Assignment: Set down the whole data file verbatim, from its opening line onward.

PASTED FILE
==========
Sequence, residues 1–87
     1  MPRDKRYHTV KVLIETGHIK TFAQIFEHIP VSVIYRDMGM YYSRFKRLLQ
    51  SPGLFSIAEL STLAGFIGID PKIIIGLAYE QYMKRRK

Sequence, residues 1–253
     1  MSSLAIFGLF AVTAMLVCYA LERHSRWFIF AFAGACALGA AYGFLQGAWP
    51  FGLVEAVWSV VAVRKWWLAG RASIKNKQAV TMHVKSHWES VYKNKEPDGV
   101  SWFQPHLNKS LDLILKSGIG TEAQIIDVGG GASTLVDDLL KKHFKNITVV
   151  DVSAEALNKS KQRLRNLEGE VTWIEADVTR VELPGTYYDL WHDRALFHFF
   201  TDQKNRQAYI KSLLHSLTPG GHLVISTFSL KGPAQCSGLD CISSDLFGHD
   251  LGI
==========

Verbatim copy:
Sequence, residues 1–87
     1  MPRDKRYHTV KVLIETGHIK TFAQIFEHIP VSVIYRDMGM YYSRFKRLLQ
    51  SPGLFSIAEL STLAGFIGID PKIIIGLAYE QYMKRRK

Sequence, residues 1–253
     1  MSSLAIFGLF AVTAMLVCYA LERHSRWFIF AFAGACALGA AYGFLQGAWP
    51  FGLVEAVWSV VAVRKWWLAG RASIKNKQAV TMHVKSHWES VYKNKEPDGV
   101  SWFQPHLNKS LDLILKSGIG TEAQIIDVGG GASTLVDDLL KKHFKNITVV
   151  DVSAEALNKS KQRLRNLEGE VTWIEADVTR VELPGTYYDL WHDRALFHFF
   201  TDQKNRQAYI KSLLHSLTPG GHLVISTFSL KGPAQCSGLD CISSDLFGHD
   251  LGI